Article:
‘Ome ‘n’ Onion Bread…

OK, It’s actually Roman Onion Bread but that’s just not as catchy!

This is one of my favourite flavoured breads to make and it’s so simple. This bread is great for a lunch or supper or when your entertaining as a tear and share bread. We quite often have it as an accompaniment to antipasti or as our Kids call it ‘Picky tea!’

Fresh rosemary really does taste the best for this. If you haven’t got any growing in your own garden, ask a neighbour as I’m sure someone will have some. Rosemary has to be one of the most common herbs that people have growing in their garden, the sad thing is probably about 90% of those people never use it!




‘Ome ‘n’ Onion Bread.

  • 500g strong white bread flour
    A good pinch of salt
    1 tablespoon of rapeseed oil or olive oil plus extra for drizzling
    2 heaped teaspoons dried yeast
    1 teaspoon sugar
    2 large white onions, peeled and finely sliced
    1 large sprig of Rosemary leaves removed and roughly chopped (or 1 tbsp dried rosemary)
    Salt & Pepper

Dissolve the sugar in roughly 50ml of warm water. Add the yeast and leave to activate for 10 – 15 minutes.

In a large bowl combine the flour and salt and make a well in the middle. Add the oil and the activated yeast mixture. Combine the mixture, adding a little more water if necessary, to form a slightly sticky dough.

On a floured surface work the dough, stretching it away from you to make a pliable, springy dough then knead back to a ball.

Place the dough in an oiled bowel and leave to rise, covered, for an hour. After an hour knock the dough back and leave to rise for another hour (although if you are short of time the dough could be used straight away).

Pre-heat your oven to 230°C gas mark 8.

Oil a heavy baking sheet or shallow, ovenproof tin, it wants to be at least 30 x 40 cm.

Take the dough out of the bowel and give a quick knead. Flatten out the dough with your hands then place on your baking sheet/tin. Flatten, stretch and pull your bread to the shape you want it, It wants to be roughly a couple of cm thick.

Give the dough a little drizzle of oil rub over the surface. Lay the onions on top of the bread leaving a little space around the edge. Drizzle more oil over the onions then sprinkle your rosemary and seasoning over the top.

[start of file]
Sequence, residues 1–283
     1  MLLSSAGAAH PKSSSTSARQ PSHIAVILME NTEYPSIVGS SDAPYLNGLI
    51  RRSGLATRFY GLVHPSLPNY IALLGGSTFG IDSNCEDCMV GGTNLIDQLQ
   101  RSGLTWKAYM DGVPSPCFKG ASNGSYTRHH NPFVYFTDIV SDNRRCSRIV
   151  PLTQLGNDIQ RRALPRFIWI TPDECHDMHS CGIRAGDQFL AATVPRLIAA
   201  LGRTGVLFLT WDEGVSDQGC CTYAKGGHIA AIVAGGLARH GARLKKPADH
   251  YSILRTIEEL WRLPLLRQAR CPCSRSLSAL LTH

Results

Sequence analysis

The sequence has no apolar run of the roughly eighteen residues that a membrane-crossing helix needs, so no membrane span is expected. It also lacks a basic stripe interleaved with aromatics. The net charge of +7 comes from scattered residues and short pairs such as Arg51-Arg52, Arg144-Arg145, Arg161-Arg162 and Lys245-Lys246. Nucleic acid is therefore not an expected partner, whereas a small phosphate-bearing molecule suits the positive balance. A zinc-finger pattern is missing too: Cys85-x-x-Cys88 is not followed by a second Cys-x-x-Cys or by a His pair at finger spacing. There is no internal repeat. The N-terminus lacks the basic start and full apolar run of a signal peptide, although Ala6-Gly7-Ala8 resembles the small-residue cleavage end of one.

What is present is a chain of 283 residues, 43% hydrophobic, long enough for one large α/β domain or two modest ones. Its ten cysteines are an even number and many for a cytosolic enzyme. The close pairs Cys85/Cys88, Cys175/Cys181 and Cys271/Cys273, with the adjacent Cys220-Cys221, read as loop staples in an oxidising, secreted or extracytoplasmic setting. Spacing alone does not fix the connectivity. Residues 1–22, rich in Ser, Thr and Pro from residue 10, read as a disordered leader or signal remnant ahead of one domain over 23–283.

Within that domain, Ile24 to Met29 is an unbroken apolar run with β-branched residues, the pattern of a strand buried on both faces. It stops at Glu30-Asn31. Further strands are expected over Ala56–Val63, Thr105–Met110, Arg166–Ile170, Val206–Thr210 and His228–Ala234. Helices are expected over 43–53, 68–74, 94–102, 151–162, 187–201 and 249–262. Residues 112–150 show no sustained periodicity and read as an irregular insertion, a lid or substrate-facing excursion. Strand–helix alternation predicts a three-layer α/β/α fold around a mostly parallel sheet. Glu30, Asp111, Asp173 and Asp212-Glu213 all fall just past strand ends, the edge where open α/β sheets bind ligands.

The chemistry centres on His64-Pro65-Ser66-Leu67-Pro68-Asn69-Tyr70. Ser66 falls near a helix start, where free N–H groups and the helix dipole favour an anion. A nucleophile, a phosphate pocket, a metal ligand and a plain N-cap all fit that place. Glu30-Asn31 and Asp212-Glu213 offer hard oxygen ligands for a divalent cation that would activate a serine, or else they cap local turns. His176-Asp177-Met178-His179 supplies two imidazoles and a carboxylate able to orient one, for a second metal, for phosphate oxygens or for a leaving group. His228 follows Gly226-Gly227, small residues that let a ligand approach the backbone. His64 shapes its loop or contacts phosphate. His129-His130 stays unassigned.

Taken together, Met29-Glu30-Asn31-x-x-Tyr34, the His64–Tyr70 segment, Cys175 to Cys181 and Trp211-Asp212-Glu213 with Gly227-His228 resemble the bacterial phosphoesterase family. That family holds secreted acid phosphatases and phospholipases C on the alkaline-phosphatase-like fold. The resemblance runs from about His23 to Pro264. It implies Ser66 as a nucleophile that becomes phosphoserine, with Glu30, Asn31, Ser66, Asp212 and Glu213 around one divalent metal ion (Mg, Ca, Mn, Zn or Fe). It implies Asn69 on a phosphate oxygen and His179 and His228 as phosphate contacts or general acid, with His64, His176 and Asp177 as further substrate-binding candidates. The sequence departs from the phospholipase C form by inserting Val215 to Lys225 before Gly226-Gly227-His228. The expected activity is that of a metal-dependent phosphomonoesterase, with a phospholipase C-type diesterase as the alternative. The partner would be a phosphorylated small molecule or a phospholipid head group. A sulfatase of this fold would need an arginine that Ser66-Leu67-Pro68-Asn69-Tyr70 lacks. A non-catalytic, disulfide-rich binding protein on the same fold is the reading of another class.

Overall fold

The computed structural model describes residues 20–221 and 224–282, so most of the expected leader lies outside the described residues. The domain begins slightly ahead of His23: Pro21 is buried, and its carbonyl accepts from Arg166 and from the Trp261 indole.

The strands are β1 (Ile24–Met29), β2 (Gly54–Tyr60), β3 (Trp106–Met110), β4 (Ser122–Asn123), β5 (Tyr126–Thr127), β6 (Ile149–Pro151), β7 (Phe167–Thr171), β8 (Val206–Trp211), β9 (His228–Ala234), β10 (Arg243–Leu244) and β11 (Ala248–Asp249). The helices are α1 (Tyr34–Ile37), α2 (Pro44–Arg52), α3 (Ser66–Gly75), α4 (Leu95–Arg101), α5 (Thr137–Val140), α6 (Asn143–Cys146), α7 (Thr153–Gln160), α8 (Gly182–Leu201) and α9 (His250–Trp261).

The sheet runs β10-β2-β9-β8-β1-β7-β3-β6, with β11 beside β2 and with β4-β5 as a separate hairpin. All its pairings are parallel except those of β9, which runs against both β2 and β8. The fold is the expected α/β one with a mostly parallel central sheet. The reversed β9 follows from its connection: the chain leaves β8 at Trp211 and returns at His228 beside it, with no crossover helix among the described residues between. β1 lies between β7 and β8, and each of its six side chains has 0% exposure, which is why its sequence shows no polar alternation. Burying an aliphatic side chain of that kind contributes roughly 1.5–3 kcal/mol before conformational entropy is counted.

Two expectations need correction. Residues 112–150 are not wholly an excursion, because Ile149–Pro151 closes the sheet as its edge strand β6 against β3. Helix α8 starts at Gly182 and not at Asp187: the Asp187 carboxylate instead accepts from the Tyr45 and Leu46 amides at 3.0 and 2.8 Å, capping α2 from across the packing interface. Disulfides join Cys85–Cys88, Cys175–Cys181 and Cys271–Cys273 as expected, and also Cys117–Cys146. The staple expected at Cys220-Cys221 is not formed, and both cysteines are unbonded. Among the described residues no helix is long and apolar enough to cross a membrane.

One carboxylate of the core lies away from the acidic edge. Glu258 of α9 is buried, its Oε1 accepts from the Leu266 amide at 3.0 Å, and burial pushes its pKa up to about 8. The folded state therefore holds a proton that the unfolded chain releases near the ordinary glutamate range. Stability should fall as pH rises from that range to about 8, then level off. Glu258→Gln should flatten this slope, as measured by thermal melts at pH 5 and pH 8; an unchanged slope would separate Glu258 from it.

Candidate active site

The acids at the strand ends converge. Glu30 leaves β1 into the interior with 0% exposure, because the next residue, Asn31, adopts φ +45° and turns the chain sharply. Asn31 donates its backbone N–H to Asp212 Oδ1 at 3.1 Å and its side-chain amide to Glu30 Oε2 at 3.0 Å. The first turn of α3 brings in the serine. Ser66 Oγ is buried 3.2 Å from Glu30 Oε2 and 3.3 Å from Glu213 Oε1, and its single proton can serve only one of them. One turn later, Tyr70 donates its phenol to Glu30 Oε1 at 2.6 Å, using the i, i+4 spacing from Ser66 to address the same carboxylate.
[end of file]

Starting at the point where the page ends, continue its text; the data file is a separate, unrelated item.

Place in the oven and bake for 15 – 20 minutes. Take out of the oven and allow to rest for 5 minutes, resisting the urge to pick at the sweet, soft onion. Slice, serve and enjoy!

Not All Pirates Eat Meat!

I was winding an old friend up a couple weeks ago who happens to be a Vegan, he also bears an uncanny resemblance to Jack Sparrow, especially when he gets the full costume on…come on, stop swooning ladies!

Jack Sparrow aka Steve

Anyway to make it up to him I promised I would put a post on the Blog that featured a Vegan recipe. So Steve… ahem, sorry, Captain Jack ‘A-Hoy mi seafarin’ shipmate. Shiver mi timbres an get ya cooking pot at the ready!”

Ok it might not be Salmagundi (every pirates favourite) but it is Vegan and it’s packed full of protein which sometimes can be lacking in a Vegan diet

‘Ome Made Houmous (Hummus to our friends over the pond…) with Pitta Bread & Turkish Salad

Houmous is dead easy to make and so much better than shop bought. My recipe makes a lot! It’s easy to halve or quarter the recipe though. Or you could freeze the extra. It will keep in the fridge for up to ten days providing its in a sealed container.

For the Houmous you will need:

500g dried chick peas soaked overnight (you can use canned)

1 jar Tahini (300g)

About 10 cloves of garlic (or more or less depending on your taste) chopped    houmous 3

Zest & juice of of two lemons

About 200ml olive oil or sunflower will work fine too

Plenty of slat and freshly ground black pepper

Ground paprika

To Make:

Drain and rinse your chickpeas. Place in a deep saucepan and cover well with water. bring to the boil and boil for ten minutes. Remove any scum that floats on the surface.

After your chickpeas have boiled for ten minutes, turn down to a simmer and cook for another 45 minutes or until tender.

Once cooked, drain and let the water evaporate from them while you prepare the rest of the ingredients.

Houmous 1

Once your chickpeas have cooled a little mix all the ingredients, except the paprika, in a large bowl and put through a blender or food processor or if your a true pirate you can use a masher or the back of a fork, it will just end up a little more course. If the mixture is a little dry and thick you can add a little more oil or some cooled down boiled water.

houmous 4

Once your Houmous is ready put into a serving bowl and sprinkle with a little paprika.


For the Pitta Breads you will need:

(makes 8)

350g strong white bread flour

1 teaspoon salt

2 teaspoons dried yeast

2 tablespoons oil (olive or sunflower)

250 ml warm water

1 teaspoon sugar


To make;